Re: Resistance to change LO1332

Michael McMaster (
Sun, 21 May 1995 07:30:08 +0000

Replying to LO1318 --

Phillips comments bring together something that I've been working on
but not connected to the "resistance to change" conversation before.

Building from what Tobin said earlier:
> "Using that lens, the problem of explaining "resistance" isn't the issue
> as much as understanding how identity is created and maintained in the
> face of the continuing challenge to change. (snip some good stuff)

Phillip says:
> But it is also true that when we 'learn' something we change in ourselves
> and in our behaviour

Learning changes "something in ourselves" but not necessarily our
behaviour. What determines whether or not our behaviour changes
depends on the circumstances, on what opportunities for action the
external world offers and on what our internal world suggests "of its
own". Whether or not a behaviour change occurs - even in the
circumstances that might "call for" it - is related to this question
of identity and changing "something in ourselves".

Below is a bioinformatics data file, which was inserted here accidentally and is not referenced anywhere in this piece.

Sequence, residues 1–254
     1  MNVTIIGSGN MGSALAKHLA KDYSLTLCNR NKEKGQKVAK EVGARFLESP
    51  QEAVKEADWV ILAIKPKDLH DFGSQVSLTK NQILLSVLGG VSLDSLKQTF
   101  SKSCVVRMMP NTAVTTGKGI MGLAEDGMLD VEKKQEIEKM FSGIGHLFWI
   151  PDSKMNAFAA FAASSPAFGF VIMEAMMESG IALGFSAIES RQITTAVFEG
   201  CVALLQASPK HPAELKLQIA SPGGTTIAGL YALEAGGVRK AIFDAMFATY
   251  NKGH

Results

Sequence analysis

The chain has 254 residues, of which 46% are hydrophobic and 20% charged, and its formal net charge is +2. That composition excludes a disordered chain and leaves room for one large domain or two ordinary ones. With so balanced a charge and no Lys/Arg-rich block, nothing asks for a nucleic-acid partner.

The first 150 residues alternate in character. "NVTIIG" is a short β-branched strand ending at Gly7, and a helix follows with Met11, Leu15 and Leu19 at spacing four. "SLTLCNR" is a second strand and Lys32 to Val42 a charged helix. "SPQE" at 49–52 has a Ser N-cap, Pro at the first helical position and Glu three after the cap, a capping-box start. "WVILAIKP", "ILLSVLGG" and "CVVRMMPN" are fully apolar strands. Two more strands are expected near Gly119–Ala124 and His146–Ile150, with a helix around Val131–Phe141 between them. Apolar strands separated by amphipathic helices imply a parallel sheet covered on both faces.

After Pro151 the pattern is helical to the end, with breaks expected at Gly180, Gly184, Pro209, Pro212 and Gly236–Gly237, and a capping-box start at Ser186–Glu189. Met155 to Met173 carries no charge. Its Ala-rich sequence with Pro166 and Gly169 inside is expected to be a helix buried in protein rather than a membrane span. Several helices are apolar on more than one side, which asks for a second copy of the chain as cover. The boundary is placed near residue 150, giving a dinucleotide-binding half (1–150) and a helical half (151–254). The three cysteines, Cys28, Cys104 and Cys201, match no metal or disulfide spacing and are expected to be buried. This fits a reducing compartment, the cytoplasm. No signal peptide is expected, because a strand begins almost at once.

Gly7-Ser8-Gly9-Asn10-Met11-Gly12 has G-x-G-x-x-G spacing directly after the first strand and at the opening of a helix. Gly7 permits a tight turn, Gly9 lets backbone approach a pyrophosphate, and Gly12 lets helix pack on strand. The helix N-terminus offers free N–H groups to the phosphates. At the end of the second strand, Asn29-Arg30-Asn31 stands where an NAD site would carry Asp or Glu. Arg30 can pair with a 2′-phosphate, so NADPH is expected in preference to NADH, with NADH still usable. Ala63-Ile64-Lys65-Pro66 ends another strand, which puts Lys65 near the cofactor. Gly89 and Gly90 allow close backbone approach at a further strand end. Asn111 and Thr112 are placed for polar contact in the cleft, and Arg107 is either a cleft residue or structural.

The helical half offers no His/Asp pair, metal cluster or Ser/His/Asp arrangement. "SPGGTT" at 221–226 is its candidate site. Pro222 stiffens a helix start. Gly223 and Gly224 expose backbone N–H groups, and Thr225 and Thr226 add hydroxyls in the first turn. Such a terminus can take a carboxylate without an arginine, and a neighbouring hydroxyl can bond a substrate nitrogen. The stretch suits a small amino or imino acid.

I would say that learning is an _integration_ of new material with
existing material. That is, we don't "learn" anything that is
unconnected and unrelated to the existing body of knowledge (or the
existing patterns like standing waves) that we already are.

Phillip goes on to say:
> And to change always involves abandoning some
> cherished part of our existing identity.

This, I think, is not the case. I would venture that we _never_
abandon any part of our identity. Our whole history is embodied in
our current standing wave (being). Even that which is apparently
lost - in action, in memory, in specifics - is still a part of the
current structure that is me.

The question of identity - and resistance to change - is that we have
mis-identified the nature of our own being (identity) and we attempt
to cling to something that is a part of us. That is, we attempt to
cling to what is already part of us and will never let us go. This
action of forcing what already is, binds us in ways that inhibit the
open integration processes of learning.

Michael McMaster